On the verge of something important

Above is a chart from the Federal Reserve showing the US Gross Domestic Product (GDP) for the period April 1998 to April 2010 (the most recent data -- GDP data goes through multiple revision periods, so the latest data is always a few months old).

Many investors may be surprised to learn that during that period, the US GDP has grown from $10.19 trillion to $13.19 trillion -- an increase of $3 trillion or almost 30%! This increase, by the way, has not been due to inflation: the data uses "chained 2005 dollars." What is shown in the chart is an actual increase in the economic value of goods and services produced in the US over that time period.

In contrast, equity values have hardly grown at all. The S&P 500, for example, went from 1,108.15 to 1,178.10 over the same time frame (the first of April 1998 to the first of April 2010). That's an increase of only 6.31%. As of the market close yesterday, the S&P 500 was only 1,147.70, making the percentage of total increase since 1998 a mere 3.56%.

This data in and of itself suggests that broad equity values may catch up at some point to reflect the greater value that is present in the overall economy. However, we also feel strongly that investors should seek out the most innovative companies for capital investment, and that much of the economic growth will be driven by exponential technology advancement.

While the growth in the overall economy from ten trillion to thirteen trillion dollars of output value is significant, that growth is tiny compared to the growth in technological capability between 1998 and today. In particular, we are referring to the ability to send and receive massive amounts of data extremely rapidly -- and increasingly, wirelessly.

As the above statistics from Limelight Networks illustrate, the capabilities for sending information in the mid- to late-1990s were paltry in comparison to what we enjoy today, and those capabilities continue expanding at exponential rates.* Also, the cost for sending, receiving, or storing data has become more and more inexpensive. Incredible improvements have taken place in the amount of data that can be sent, the speed at which it can be sent, and the cost at which it can be sent.

Increasingly, these improvements include the mobility of what is sent as well. According to this Cisco Systems study of mobile data trends, AT&T reported that their mobile traffic has increased 5,000% over the past three years.*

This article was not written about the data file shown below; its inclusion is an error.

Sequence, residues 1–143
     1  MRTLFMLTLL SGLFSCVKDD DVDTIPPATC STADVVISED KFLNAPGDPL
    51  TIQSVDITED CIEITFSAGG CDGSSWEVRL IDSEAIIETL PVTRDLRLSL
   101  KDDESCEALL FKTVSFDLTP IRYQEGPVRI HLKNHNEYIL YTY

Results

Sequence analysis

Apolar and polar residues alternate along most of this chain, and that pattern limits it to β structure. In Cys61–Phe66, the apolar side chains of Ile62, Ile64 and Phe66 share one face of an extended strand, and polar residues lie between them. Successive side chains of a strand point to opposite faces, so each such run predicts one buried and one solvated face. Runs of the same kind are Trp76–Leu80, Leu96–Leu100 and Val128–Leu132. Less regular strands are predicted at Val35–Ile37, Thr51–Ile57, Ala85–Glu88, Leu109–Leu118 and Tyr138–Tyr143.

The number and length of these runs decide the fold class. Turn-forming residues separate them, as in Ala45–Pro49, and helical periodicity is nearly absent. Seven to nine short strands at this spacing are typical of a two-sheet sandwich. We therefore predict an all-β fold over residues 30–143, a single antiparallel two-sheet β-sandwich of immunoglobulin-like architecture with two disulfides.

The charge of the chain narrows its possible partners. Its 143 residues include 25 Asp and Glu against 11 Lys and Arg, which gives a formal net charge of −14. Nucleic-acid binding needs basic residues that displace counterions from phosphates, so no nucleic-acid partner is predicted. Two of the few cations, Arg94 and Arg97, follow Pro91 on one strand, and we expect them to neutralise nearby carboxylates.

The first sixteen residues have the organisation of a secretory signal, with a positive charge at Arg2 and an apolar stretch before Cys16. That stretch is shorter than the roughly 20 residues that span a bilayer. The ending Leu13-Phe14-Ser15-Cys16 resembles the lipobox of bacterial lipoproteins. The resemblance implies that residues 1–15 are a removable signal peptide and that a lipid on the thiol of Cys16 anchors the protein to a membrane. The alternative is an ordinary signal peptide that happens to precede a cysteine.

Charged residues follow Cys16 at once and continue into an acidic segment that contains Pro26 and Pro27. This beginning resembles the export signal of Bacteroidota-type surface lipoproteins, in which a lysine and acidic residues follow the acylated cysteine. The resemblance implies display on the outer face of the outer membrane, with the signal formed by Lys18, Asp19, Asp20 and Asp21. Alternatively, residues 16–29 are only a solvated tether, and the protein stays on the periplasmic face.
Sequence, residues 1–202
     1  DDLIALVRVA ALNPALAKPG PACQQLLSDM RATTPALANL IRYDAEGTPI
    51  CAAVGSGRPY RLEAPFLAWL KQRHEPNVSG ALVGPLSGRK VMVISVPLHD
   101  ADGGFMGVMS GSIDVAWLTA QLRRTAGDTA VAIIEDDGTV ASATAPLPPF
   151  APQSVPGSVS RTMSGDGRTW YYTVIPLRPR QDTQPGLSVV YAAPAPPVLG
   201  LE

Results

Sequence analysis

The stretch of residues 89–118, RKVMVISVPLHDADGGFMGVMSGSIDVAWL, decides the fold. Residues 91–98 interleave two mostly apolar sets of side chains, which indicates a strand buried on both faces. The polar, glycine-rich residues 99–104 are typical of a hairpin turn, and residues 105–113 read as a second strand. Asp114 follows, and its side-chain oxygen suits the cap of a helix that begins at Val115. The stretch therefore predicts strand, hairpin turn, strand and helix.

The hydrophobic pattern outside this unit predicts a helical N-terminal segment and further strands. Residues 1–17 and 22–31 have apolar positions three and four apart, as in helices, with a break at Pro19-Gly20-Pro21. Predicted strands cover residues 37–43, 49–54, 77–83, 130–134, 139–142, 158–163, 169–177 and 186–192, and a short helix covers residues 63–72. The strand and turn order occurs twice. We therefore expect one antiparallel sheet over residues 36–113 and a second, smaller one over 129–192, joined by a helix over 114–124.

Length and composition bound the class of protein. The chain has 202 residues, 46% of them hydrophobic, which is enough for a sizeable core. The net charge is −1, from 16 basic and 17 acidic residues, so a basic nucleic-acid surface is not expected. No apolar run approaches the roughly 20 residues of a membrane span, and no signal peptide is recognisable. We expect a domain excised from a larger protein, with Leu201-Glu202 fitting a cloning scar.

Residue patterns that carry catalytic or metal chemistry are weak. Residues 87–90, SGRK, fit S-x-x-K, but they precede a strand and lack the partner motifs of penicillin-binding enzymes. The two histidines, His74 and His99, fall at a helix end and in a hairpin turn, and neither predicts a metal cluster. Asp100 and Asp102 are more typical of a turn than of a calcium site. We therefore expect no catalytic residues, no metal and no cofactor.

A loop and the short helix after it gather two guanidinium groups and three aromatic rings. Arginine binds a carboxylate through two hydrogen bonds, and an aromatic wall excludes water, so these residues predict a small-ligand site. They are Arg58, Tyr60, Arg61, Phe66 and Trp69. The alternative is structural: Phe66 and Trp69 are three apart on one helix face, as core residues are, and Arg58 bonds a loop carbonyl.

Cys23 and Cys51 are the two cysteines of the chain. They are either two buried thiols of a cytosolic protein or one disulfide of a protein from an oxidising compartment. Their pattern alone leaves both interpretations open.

This combination has already had a transformative impact, not only on our use of popular entertainment and information media as consumers, but also on business functions in a wide range of industries. As large as that impact has been in the past ten to fifteen years, we believe it is still in its infancy. The potential business applications for nearly free, nearly instant transmission of vast amounts of data, including video data, have not yet begun to be worked out in various industries around the world.

Again, the incredible technological advances we enjoy today, real advances which simply did not exist in 1998, have come to pass alongside virtually no net increase in the advance of the price of the market, measured by broad indexes such as the S&P 500. Much of this is due to wild market disruption induced in large part by erroneous "over-steering" by the Federal Reserve and government.

Although it is clear that this over-steering will continue, and that government interference can create obstacles to progress, we believe there are inexorable forces at work that will continue to drive these advances in ways that even government ineptitude cannot derail. For more on that subject, see our previous posts on the work of the great economist Joseph Schumpeter and our original post on "The Unstoppable Wave."

In fact, we believe that we could be on the verge of something very big, very positive, and very important. This is not a market prediction -- we have made it clear that we do not pretend to divine upcoming market moves -- but it is a business prediction.

In light of that, we believe investors should be certain to align their capital with companies that are positioning themselves to drive these business changes or to benefit from them.

* At the time of publication, the principals of Taylor Frigon Capital Management did not own securities issued by Limelight Networks (LLNW) or AT&T (T). At the time of publication, the principals of Taylor Frigon Capital Management owned securities issued by Cisco Systems (CSCO).

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For later posts on this same subject, see also: